Fox Infectious Disease Modeling Lab

Interested in Math Bio or disease modeling? Contact Prof. Fox!

Confidence in Calculus I is recommended.


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Ways To Get Involved


Resistance to Disinfectants (2021-23)

Mariana Olivares-Cely ('25), Prof. Fox 

& Karin Ebey ('25)

Optimal Control Theory to Mitigate the Effects of Resistance to Disinfectants

Abstract: This study explores how resistance to disinfectants affects disease transmission in long term care facilities and the best disinfectant use strategy. A compartmental model was created, using a system of ordinary differential equations, describing the transmission of two strains of a pathogen, resistant and susceptible to disinfectants with transmission through direct and surface contact, and evolution of resistance through mutation and horizontal gene transfer. An optimal control problem was set up to determine the best disinfectant use strategy under different cost schemes and resistance levels to minimize costs and cases. The disinfectant strategy depends on whether the system is open or closed and the cost scheme. The epidemic dies out in the closed system, but becomes endemic in the open system. The amount of disinfectant used is directly related to the cost of disinfectant. More people become infected at higher levels of resistance. These results have implications for infection management.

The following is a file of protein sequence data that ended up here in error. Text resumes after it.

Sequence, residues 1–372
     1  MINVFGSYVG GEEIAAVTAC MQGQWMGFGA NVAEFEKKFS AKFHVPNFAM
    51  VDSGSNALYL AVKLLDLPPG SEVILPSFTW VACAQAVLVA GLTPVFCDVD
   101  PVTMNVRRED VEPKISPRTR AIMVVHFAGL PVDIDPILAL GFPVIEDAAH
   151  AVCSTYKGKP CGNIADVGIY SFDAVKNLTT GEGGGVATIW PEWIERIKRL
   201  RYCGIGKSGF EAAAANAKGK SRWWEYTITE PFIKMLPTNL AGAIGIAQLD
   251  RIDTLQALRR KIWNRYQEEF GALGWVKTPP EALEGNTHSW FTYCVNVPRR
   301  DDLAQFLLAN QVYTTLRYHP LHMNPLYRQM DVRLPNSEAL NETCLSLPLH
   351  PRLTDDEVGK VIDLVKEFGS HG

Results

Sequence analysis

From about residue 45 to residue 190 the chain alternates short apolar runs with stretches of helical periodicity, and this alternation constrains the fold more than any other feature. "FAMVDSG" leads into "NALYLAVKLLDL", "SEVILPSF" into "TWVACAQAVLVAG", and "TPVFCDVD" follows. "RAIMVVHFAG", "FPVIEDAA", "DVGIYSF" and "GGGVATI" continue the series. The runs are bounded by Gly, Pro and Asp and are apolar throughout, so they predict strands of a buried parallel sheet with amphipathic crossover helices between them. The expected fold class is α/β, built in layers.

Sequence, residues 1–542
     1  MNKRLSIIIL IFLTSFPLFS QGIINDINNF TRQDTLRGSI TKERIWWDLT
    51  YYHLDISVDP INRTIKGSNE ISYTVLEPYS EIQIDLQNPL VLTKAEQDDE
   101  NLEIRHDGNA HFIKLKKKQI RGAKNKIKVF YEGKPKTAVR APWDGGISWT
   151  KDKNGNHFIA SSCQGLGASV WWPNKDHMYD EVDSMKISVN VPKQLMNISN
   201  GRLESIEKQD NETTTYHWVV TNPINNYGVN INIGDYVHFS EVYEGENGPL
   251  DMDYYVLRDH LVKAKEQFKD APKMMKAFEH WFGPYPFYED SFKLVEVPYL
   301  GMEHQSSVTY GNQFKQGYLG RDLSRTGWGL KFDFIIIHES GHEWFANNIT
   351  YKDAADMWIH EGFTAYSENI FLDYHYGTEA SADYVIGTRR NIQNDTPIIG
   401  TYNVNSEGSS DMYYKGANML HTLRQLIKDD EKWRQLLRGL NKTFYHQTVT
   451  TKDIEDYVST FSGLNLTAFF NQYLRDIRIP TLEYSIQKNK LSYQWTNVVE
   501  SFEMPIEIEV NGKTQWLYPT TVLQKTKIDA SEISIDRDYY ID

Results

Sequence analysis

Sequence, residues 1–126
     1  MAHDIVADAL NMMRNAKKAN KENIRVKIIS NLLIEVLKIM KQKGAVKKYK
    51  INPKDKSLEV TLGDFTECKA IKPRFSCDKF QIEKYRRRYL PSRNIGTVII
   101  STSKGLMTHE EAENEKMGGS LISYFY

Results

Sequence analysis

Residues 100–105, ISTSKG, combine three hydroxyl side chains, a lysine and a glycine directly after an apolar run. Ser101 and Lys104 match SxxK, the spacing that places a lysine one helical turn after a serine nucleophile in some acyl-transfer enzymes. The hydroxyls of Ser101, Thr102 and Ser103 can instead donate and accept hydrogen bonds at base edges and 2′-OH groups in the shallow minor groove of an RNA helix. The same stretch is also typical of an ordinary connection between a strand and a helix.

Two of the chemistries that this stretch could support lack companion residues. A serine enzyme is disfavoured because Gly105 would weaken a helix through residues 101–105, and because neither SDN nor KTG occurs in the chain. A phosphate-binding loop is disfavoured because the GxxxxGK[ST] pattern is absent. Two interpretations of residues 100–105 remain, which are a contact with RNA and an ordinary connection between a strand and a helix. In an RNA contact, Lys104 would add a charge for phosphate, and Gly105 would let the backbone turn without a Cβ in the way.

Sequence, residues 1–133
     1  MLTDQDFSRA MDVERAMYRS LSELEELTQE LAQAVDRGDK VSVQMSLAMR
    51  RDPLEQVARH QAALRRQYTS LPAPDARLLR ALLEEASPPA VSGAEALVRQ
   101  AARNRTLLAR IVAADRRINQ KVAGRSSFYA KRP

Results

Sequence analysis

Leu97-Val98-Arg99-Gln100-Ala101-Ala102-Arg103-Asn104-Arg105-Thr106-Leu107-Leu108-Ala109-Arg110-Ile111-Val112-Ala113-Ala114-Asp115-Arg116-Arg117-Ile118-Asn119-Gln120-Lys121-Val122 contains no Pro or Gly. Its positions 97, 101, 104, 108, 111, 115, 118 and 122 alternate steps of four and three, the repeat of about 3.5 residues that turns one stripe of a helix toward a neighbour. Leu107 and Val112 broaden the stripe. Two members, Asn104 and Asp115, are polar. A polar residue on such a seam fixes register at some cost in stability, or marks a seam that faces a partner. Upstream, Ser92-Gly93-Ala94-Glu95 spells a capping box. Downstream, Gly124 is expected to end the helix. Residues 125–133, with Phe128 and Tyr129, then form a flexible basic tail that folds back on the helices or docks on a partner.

Presented at:

⭐︎ Winner of a poster award! ⭐︎

Koi Herpesvirus (2021-23)

Optimal Harvesting in an Epidemic Model of Koi Herpesvirus (KHV)

Abstract: Koi herpesvirus (KHV) is a highly transmissible disease that can infect common carp (Cyprinus carpio) and fancy carp, also known as koi, which are carp that have been selectively bred for aesthetics. Due to the high mortality of the virus (80-100%), ornamental fisheries can suffer from significant economic losses if an outbreak of KHV occurs. In this study we use ordinary differential equations to model the transmission dynamics of KHV within and between two pools of koi fish: a juvenile pool, which contain fish too young, and therefore too small, to be sold, and a market pool, which contain fish that are mature/large enough to be sold and can be used for breeding. In each pool we include four classes to describe the disease status of the fish population, as well as an environmental reservoir. Since seasonal water temperature plays a vital role in KHV outbreaks and disease severity, many of the disease-related transition rates are dependent on time and temperature. Further, we consider an optimal fishery harvesting problem during an outbreak of KHV.

Presented at:

⭐︎ Honorable Mention for Best Student Presentation! ⭐︎

Susan Krage ('23) visiting Imperial Tropicals in Lakeland, FL

Kelsey Weeden ('23), Payton Bivens ('24) 

& Prof. Fox

Mathematically Modeling the Transmission of Koi Herpesvirus in Common Carp